Pat Hanna (born George Patrick Hanna; 18 March 1888 in Whitianga, New Zealand – 24 October 1973 in Ampthill, Bedfordshire, England) was a New Zealand-born film producer , he was a soldier of the First World War who entertained postwar audiences with the stage show Diggers, that was adapted to a film of the same title in 1931.
Hanna was born to Patrick Hanna, a hotelkeeper from Downpatrick, Irish and an Australian born mother Mary Jane, Hanna's talent for art led him to a signwriting apprenticeship and cartooning for a Wellington, New Zealand newspaper. He enlisted at the start of the First World War as a private in the New Zealand Expeditionary Force where he participated in the Occupation of German Samoa.
In 1916 he joined the Otago Infantry Regiment where he was sent to Egypt, then France and Belgium. He was commissioned a second lieutenant in December 1916 and was promoted to lieutenant in December 1917. His expertise with hand grenades led him to be appointed a Bombing Officer.
Lt Hanna remained in the Army of Occupation following the Armistice becoming Entertainment Officer forming No 1 Entertainment Unit. His orders were to "organise entertainment, lay on laughter unlimited and rollicking relaxation". Hanna set up a concert party called "The Diggers" where he was the director, chief writer and performer. The Diggers toured in Germany, France and England. During this time he invented a scaled down version of badminton called "Batinton" that was played with bats on a smaller court.
Pat Hanna's Diggers
After leaving the Army, Hanna reformed The Diggers as Pat Hanna's Diggers where they toured New Zealand, then Australia with several former Australian Diggers now in the group; numbering 25. The Diggers featured a musical sister act of Jessie and Hilda Meadows. Hanna married Jessie the pianist in 1922, the couple having two children Ian and Pattie.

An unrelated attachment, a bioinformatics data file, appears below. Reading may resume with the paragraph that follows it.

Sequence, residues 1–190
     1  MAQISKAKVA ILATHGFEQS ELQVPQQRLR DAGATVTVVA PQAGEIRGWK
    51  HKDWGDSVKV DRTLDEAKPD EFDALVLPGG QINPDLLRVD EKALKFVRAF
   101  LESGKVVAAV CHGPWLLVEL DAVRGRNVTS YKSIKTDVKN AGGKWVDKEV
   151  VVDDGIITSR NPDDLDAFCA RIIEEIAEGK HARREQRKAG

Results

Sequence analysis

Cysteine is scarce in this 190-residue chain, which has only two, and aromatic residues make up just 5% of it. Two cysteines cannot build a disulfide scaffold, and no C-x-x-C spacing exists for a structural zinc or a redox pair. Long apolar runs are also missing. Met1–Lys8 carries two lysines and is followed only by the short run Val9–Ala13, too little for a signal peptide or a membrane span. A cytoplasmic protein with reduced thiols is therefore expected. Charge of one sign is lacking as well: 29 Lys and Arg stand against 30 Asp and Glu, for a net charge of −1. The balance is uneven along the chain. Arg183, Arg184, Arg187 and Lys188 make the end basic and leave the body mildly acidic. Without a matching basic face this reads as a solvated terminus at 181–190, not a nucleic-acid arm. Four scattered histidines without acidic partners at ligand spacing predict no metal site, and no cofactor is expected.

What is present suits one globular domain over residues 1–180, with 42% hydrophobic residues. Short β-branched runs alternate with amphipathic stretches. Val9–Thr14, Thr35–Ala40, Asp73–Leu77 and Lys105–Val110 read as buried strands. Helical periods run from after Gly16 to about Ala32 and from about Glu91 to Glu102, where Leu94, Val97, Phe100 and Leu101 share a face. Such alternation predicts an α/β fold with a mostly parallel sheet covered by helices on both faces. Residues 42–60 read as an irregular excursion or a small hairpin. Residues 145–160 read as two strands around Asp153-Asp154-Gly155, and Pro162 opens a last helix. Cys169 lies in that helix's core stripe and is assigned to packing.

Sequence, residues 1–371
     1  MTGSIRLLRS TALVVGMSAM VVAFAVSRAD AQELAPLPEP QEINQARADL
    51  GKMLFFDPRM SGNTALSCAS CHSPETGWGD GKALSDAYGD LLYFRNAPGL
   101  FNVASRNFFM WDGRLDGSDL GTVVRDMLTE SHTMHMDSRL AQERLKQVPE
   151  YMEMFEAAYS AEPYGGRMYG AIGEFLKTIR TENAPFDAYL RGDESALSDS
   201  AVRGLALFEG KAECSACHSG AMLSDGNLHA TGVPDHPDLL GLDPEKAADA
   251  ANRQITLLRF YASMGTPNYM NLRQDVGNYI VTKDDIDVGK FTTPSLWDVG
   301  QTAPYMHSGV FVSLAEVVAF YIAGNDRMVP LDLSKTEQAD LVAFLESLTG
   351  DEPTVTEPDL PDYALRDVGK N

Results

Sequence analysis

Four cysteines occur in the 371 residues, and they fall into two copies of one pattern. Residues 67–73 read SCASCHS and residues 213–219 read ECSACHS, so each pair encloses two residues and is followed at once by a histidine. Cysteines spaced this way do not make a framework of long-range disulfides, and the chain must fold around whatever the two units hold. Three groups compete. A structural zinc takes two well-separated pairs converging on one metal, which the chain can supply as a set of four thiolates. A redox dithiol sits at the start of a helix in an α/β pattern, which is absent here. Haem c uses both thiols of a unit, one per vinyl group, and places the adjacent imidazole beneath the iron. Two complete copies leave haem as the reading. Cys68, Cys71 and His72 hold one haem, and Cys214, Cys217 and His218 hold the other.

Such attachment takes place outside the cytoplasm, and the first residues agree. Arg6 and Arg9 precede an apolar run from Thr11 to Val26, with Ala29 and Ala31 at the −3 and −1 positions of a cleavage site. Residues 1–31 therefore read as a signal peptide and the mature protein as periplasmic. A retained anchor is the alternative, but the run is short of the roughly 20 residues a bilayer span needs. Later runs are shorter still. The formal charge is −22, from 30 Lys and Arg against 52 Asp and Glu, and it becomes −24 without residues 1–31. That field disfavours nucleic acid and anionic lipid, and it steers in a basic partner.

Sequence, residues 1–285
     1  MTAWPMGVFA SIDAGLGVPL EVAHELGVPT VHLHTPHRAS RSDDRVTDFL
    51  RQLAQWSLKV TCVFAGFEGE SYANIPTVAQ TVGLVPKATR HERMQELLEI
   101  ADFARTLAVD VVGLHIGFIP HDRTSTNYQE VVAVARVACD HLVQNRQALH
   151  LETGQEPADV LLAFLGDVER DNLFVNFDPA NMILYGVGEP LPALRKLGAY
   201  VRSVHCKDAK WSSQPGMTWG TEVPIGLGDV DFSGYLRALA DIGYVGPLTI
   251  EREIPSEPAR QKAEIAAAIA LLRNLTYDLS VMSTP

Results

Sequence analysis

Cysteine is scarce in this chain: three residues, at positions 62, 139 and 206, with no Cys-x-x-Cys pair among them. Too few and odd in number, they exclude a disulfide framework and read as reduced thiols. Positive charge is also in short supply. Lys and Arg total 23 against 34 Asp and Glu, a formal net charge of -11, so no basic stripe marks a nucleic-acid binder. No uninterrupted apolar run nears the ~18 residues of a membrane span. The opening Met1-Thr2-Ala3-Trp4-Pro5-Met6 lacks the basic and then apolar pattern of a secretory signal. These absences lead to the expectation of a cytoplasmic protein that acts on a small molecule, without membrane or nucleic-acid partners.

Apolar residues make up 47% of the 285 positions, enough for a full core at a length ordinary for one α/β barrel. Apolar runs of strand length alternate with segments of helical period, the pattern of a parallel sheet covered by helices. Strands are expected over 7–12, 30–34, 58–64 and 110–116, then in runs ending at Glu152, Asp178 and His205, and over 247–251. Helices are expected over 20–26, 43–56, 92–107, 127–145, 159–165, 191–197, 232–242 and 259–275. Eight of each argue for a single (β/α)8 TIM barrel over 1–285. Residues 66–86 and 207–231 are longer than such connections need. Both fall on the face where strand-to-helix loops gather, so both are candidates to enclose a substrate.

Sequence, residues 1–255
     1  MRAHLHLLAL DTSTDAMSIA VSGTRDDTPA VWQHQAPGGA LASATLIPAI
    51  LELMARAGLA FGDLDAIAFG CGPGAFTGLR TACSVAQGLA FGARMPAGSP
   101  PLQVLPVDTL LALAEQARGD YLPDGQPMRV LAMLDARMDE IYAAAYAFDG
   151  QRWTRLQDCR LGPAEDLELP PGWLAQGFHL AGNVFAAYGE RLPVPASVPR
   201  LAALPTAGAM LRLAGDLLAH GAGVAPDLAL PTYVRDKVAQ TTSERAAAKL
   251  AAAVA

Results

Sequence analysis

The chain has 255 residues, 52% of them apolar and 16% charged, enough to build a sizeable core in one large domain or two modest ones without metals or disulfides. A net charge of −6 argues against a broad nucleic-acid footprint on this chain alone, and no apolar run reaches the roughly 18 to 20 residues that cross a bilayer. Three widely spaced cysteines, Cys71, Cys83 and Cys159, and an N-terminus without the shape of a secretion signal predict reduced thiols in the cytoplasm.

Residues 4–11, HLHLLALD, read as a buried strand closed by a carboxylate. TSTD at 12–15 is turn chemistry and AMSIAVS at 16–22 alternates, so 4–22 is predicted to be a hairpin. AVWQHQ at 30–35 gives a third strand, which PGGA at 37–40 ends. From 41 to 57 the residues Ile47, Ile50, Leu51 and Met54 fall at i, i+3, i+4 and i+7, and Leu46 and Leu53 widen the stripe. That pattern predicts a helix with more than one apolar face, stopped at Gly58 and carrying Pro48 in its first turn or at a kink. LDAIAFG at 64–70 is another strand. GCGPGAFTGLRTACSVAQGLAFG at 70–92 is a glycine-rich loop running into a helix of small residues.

Hanna became renowned for creating a caricature of the Digger stereotype and another of an Army Chaplain. One of the Chaplain's monologues The Gospel According to Cricket and Hanna singing Mademoiselle from Armentières became big sellers.
The Digger shows' popularity led to Hanna making his first film Diggers (1931) as actor and writer for Efftee Studios led by Frank W. Thring, the father of Frank Thring. Diggers was Australia's second talking feature. Hanna argued with Thring over the position of his musical numbers in the film leading him to form his own film production company where he produced, directed and starred in Diggers in Blighty and Waltzing Matilda (both 1933) however the films were poorly distributed and not successful.
Hanna toured America billed as the "Down Under Will Rogers" and returned to Australia where he broadcast on 3LO.
Too old for active service in World War II, Hanna invented a detonation device for a petrol grenade and trained troops and civilians planning to be guerrillas against the Japanese in the use of hand grenades. Hanna encouraged having fun with grenades and combined his knowledge of grenades and entertaining. He published a book in 1941 Grenade Training by Recreational Methods. Hanna's son Ian served with the 2/24 Battalion posing for a drawing of Sybil Craig's called Soldier in a Digger Hat.
Charles Chauvel considered casting Hanna as the lead in his Forty Thousand Horsemen film but was impressed by the younger Chips Rafferty who Chauvel cast in Hanna's place. One of Hanna's Diggers troupe, Joe Valli, reprised his Scottish caricature he played in the Diggers show in the film and Chauvel's The Rats of Tobruk.
Hanna and his family moved to England in 1961 where he researched the Clan Hannay's ownership of Sorbie Tower in Wigtownshire Scotland. Jessie Hanna and his daughter Pattie returned to Australia after Pat's death.
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- Pat Hanna at Australian Dictionary of Biography
- Pat Hanna on IMDb
- Pat Hanna at AustLit (subscribers only)
- Pat Hanna Collection at Arts Centre Melbourne
- Pat Hanna at Australian Variety Theatre Archive
- Pat Hanna at Dictionary of New Zealand Biography